SINGSONG PR NEWS: Appleseed Recordings
Donovan Leitch was born in Maryhill, Glasgow, Scotland, on the 10th of May 1946 under the sign of Taurus the Bull. His Celtic roots and his father Donald's love of poetry and literature have been a constant influence on his life and his music. The family moved from the tough, rough and bomb scarred city of Glasgow to the green and lush countryside of Hertfordshire, England when Donovan was ten years old.
The move to Hatfield had a profound effect on Donovan and greatly influenced his understanding of beauty and nature, themes he sought to express in his early songs. His music would eventually reach a whole generation during the revolutionary Sixties and continues to influence the poetry and lyrics of subsequent decades.
Donovan went to college and discovered a world of Bohemian ideas, Buddhism, poetry, art and radical thought. He went to Art school but dropped out.
In 1963, having worked a string of labouring and factory jobs, Donovan heard the call of the open road. He hitchhiked down to St. Ives, Cornwall, where he slept on the beaches. For Donovan this was a turning point. He became a wandering minstrel, writing his own unique lyrics.
Returning to his parents' home in Hatfield after the summer ended, he continued his self education in writing and learning acoustic guitar. Most of his time was spent in local clubs around St. Albans. Donovan's influences during this period were musicians like Martin Carthy, Woody Guthrie, Alex Campbell, Ramblin' Jack Elliott, and a mixed bag of blues, jazz and folk songs.
His first professional break came when his managers, Geoff Stevens and Peter Eden, introduced him to Elkan Allan, the producer of the innovative T.V. show "Ready Steady Go," who took the unprecedented step of booking Donovan for three consecutive shows. At eighteen, Donovan suddenly found himself at Number Three in the UK singles charts with his first record, "Catch the Wind." In March of 1965 this song won the Ivor Novello award for the best contemporary folk song of the year. Pete Seeger invited him to play at the Newport Folk Festival and he sang on stage with Joan Baez.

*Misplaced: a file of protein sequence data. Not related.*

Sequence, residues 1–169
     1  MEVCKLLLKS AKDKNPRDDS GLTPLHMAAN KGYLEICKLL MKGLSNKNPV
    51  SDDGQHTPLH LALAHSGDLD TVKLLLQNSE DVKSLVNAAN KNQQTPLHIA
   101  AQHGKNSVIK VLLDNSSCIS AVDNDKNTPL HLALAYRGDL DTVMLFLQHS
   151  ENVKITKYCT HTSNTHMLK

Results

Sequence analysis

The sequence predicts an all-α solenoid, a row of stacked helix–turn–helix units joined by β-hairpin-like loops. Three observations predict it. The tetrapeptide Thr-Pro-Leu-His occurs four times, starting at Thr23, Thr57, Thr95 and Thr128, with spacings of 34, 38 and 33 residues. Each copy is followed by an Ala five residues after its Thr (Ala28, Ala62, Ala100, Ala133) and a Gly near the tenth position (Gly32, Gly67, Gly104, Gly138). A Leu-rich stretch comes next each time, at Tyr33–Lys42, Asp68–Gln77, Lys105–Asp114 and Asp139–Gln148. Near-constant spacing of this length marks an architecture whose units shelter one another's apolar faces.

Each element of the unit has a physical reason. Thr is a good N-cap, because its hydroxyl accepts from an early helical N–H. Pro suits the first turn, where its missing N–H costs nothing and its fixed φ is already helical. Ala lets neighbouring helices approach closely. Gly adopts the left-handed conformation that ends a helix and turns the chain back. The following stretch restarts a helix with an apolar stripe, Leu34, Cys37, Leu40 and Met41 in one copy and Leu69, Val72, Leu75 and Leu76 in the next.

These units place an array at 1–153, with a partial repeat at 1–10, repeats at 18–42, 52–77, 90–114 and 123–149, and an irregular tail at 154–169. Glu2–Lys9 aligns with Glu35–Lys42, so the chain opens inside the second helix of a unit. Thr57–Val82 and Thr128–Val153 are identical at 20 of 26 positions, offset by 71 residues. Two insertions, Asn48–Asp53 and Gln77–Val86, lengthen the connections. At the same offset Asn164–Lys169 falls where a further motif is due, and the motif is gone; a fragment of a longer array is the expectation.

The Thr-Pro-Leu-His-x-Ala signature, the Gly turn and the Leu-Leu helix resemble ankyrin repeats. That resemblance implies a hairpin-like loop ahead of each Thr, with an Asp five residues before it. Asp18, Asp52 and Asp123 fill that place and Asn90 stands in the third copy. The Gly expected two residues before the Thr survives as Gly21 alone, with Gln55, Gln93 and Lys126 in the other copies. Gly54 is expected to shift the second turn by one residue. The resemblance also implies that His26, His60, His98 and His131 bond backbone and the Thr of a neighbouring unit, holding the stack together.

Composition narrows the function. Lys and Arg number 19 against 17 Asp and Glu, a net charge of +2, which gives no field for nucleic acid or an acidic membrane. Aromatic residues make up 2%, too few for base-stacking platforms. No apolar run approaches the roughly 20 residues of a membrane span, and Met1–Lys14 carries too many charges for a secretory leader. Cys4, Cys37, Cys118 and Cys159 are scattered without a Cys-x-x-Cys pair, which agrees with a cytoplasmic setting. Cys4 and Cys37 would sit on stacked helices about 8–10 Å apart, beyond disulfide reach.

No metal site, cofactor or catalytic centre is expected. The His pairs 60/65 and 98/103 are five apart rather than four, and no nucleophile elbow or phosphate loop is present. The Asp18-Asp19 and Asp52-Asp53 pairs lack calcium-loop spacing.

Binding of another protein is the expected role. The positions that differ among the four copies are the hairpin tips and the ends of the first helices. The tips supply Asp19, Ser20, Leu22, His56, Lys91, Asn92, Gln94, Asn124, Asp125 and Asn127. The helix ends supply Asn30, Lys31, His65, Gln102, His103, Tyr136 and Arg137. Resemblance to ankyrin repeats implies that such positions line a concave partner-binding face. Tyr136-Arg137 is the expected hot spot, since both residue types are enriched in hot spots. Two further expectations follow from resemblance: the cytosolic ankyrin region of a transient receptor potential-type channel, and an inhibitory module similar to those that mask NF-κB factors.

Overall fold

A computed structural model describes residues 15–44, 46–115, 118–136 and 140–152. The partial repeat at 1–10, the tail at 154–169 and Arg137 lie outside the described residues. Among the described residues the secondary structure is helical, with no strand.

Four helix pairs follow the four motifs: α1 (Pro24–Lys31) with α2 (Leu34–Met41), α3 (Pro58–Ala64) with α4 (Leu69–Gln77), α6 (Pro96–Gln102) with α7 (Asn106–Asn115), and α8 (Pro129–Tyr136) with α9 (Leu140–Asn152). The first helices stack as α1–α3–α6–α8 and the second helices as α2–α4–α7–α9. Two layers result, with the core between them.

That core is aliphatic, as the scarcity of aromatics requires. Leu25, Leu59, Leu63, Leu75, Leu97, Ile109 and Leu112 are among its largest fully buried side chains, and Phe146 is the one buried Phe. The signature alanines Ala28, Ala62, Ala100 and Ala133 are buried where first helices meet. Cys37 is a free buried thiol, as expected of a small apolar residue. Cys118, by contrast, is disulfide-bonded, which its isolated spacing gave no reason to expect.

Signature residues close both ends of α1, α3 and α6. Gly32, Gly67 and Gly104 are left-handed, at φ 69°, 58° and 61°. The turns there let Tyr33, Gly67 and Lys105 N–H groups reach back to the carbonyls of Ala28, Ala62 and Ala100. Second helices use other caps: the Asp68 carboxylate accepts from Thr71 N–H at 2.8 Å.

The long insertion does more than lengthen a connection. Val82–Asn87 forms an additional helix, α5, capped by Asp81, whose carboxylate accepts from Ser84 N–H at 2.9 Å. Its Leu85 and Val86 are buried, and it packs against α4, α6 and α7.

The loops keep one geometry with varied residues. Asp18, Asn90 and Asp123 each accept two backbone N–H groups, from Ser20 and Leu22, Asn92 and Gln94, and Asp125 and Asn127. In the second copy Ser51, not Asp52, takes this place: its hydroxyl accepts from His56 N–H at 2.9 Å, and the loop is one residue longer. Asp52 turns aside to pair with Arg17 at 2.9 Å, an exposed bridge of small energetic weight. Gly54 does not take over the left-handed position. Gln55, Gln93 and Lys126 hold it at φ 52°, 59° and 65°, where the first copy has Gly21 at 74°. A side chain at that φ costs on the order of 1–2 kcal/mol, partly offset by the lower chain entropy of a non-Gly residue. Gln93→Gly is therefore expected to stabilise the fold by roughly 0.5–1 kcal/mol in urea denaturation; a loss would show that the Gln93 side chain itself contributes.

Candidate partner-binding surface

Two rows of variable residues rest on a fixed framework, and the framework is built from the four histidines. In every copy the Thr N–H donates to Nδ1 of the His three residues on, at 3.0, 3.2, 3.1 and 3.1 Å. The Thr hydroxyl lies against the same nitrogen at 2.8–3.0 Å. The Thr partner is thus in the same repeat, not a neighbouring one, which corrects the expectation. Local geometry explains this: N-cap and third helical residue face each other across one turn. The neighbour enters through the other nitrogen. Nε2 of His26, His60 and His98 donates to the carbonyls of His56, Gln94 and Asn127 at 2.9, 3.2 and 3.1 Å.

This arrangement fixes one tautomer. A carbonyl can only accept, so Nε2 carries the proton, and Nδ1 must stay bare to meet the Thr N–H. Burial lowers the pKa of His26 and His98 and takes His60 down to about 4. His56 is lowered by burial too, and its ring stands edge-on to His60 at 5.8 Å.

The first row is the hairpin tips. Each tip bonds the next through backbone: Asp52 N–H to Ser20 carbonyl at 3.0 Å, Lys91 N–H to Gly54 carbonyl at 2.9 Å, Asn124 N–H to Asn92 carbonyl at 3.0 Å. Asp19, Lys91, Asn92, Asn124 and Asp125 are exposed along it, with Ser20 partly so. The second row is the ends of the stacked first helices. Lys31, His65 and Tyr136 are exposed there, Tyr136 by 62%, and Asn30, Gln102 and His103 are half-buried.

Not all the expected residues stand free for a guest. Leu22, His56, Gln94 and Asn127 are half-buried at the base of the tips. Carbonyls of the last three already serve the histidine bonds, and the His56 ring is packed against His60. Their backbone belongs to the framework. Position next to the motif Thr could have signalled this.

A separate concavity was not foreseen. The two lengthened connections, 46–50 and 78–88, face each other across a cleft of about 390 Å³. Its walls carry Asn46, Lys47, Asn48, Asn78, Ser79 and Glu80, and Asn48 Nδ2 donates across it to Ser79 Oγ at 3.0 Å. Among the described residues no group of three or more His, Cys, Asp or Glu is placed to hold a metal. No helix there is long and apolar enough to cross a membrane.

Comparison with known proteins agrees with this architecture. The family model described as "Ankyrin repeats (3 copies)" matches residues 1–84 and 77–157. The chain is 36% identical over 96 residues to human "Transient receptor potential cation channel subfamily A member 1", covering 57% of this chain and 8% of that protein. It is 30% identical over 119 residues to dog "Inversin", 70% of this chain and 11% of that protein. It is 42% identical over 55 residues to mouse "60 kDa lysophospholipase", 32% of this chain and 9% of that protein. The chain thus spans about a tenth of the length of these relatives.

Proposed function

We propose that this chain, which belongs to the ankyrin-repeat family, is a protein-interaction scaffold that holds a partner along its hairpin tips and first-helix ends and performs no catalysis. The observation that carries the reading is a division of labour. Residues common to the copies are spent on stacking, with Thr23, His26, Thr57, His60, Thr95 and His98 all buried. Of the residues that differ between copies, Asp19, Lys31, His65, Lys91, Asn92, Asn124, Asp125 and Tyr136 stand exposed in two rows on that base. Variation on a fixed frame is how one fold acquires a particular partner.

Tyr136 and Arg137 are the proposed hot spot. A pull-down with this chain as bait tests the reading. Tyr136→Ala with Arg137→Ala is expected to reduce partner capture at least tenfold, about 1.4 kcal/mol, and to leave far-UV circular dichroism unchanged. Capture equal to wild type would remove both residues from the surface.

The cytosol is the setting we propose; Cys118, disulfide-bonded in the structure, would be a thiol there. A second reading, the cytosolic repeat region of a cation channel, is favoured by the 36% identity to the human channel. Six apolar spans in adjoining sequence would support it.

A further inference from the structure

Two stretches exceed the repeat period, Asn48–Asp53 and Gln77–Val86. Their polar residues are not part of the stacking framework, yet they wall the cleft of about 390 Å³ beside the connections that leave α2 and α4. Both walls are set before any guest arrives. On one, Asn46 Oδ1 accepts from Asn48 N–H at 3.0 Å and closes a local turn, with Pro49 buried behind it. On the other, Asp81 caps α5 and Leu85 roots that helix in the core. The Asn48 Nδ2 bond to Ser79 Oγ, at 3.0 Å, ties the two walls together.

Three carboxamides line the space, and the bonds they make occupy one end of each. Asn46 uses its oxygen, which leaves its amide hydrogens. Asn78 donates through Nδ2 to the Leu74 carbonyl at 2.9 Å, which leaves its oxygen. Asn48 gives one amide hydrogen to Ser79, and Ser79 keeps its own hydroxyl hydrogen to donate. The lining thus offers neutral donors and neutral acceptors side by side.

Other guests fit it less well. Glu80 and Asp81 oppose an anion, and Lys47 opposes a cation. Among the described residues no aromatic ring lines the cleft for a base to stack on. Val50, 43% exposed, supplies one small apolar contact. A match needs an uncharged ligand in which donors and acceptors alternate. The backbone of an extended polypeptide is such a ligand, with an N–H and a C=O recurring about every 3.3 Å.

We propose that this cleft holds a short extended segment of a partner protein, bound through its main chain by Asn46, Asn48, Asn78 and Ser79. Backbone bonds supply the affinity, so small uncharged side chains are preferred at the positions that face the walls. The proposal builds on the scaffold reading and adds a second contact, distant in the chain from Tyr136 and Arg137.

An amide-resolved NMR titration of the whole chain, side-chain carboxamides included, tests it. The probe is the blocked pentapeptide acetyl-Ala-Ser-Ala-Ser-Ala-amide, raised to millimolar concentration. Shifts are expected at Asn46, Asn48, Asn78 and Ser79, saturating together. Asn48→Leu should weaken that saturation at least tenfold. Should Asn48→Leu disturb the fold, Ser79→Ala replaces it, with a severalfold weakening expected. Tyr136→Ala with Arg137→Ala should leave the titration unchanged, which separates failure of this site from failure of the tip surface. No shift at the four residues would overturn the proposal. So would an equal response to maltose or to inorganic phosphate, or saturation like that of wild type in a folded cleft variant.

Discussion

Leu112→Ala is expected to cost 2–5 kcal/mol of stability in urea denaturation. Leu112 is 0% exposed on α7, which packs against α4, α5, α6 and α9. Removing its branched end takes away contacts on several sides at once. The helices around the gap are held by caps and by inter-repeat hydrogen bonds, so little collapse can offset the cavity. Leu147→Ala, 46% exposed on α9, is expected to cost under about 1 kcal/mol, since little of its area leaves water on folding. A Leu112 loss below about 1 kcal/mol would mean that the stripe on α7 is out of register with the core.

He followed this success with such Top Ten hits as "Colours," "Turquoise," and "Universal Soldier," along with his first album, 'What's Bin Did and What's Bin Hid'. Throughout the sixties Donovan expanded his following with such songs as "Sunshine Superman," "Mellow Yellow," "Hurdy Gurdy Man," "Atlantis," "There Is A Mountain," and "Season of the Witch."
In contrast to The Beatles and The Rolling Stones, Donovan stood alone as a solo performer in capturing the hearts and minds of a new audience, able to hold a huge crowds' attention with his guitar and his repertoire of original songs based on his love and respect for nature and his belief in peace and harmony. He marched against nuclear disarmament with the CND movement and wrote songs that railed against injustice in a materialistic and violent world. His concern for the environment was expressed in many of his compositions and continues to appeal to a new and young audience searching for some deeper meaning in their lives.
In 1965, almost single handed, Donovan introduced millions of his fans to spiritual truths, the time honoured path of Eurasian yoga. He realised the change for a better world can only come through the nurturing of love and compassion. His music carried this message of peace. Already a friend (and occasional uncredited musical guest) of the Beatles, Donovan was one of the high-profile British musicians who, with the Beatles and the Rolling Stones and actress Mia Farrow, among others, were attracted to the philosophical teachings of the Indian guru, the Mahareshi Mahesh Yogi, in the late sixties and journeyed to India to study with him.
During the seventies and early eighties Donovan continued to perform and release albums that expressed his passionate concern for the environment and his search for spiritual awareness and knowledge. For contrast, he also appeared as a guest vocalist on early shock-rockers Alice Cooper's "Billion Dollar Babies" hit song. His albums 'Cosmic Wheels' and 'Neutronica' encouraged a resurgence of the peace movement in the early eighties. This period was a time for retreat and living quietly with his family in Joshua Tree, California, still continuing to write and work on various projects that are now beginning to bear fruit.